We have chosen to implement parallelization over k-points by modest modifications of our existing serial Fortran-77 code. Using conditional compilation, the code may be translated into a master task, a slave task, or simply a non-parallel task to be used on serial and vector machines. The master-slave communication is implemented by message-passing calls (send/receives and broadcasts).
The k-point parallelization is not as trivial as it might seem at first sight. Even though each iteration of the serial loop over k-points is algorithmically independent of other iterations, the wavefunction data actually depend crucially on the result of previous iterations, when the standard Car-Parrinello iterative update of wavefunctions takes place. When the k-points are updated in parallel with the same initial potential, one may experience slowly converging or even unstable calculations for systems with a significant density-of-states at the Fermi level.
One can understand this behavior by considering the screening effects that take place during an update of the electronic wavefunction: The electrons will tend to screen out any non-selfconsistency in the potential. When a standard algorithm loops serially through k-points , the first k-point will screen the potential as well as possible, the second one will screen the remainder, and so on, leading to an iterative improvement in the selfconsistency. However, when all k-points are calculated from the same initial potential and in parallel, they will all try to screen the same parts of the potential, leading to an over-screening that gets worse with increasing numbers of processors, possibly giving rise to an instability.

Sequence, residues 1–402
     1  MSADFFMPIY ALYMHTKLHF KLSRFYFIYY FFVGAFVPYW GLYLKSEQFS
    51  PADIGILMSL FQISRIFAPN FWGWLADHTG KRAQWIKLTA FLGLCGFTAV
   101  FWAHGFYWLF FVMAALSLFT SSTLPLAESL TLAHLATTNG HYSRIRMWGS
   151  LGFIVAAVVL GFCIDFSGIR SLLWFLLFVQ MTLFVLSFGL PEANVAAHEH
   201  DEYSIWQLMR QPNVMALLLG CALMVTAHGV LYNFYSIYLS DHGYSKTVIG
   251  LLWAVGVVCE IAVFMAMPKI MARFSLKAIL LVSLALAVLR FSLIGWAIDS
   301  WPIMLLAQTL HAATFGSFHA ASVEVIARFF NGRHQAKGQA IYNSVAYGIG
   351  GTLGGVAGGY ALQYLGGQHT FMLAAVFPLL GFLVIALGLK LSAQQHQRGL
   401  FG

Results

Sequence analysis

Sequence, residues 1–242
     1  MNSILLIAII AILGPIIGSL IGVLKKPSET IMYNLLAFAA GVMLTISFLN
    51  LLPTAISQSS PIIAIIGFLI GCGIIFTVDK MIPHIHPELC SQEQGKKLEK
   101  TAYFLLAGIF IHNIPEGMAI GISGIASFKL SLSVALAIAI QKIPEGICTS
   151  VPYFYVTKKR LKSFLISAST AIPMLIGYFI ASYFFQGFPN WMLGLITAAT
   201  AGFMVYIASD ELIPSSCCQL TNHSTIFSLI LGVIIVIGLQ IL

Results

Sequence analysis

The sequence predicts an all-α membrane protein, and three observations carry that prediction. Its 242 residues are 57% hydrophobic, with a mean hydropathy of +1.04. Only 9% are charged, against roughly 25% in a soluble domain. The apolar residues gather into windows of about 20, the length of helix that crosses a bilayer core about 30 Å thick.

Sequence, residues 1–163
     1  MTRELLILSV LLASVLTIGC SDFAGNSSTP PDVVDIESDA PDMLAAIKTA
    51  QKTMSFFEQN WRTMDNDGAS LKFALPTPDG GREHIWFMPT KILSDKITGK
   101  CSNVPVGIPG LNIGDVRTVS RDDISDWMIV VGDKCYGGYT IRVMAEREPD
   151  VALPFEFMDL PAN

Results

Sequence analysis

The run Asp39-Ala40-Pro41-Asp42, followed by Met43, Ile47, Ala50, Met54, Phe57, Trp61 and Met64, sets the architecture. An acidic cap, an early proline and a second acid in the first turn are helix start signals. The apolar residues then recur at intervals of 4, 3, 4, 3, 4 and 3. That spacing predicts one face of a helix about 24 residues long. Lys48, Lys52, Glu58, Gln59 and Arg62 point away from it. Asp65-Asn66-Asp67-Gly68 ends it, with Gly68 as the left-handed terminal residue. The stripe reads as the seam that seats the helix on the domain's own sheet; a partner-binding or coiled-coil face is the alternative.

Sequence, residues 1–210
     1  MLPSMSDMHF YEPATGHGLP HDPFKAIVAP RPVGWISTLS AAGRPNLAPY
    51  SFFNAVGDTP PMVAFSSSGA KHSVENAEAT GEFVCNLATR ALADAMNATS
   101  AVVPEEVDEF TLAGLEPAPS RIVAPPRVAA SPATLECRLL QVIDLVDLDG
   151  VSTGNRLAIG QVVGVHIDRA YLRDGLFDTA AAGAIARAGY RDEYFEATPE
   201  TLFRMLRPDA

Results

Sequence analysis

Obviously, some kind of ``damping'' of the over-screening is needed in order to achieve a stable algorithm. We have selected the following approach: Each k-point contains a number of electronic bands (eigenstates), which are updated band by band using the conjugate gradients method. The screening of the potential takes place through the Coulomb and LDA exchange-correlation potentials derived from the total charge density. We construct the total charge density and the screening potentials after the update of each band (performed for all k-points in parallel): When all processors have updated band no. 1, the charge density and potentials are updated before proceeding to band no. 2, etc. This damping turns out to very effectively stabilize the selfconsistency process, even for difficult systems such as Ni with many states near the Fermi level.
The algorithmic difference may be summarized by the following pseudo-code. The standard serial algorithm is:
DO k-point = 1, No_of_points DO band = 1, No_of bands Update wavefunction(k-point,band) Calculate new charge density and screening potentials END DO END DOwhereas our parallel algorithm is:
DO band = 1, No_of bands DO (in parallel) k-point = 1, No_of_points Update wavefunction(k-point,band) END DO Calculate new charge density and screening potentials END DO
It is understood that an outer loop controls the iterations towards a selfconsistent solution. The conjugate gradient algoritm actually requires the calculation of an intermediate ``trial'' step in the wavefunction update, so that the work inside the outer loop is actually twice that indicated in the pseudo-code. In addition, the subspace rotations (not shown here) also require updates of the charge density.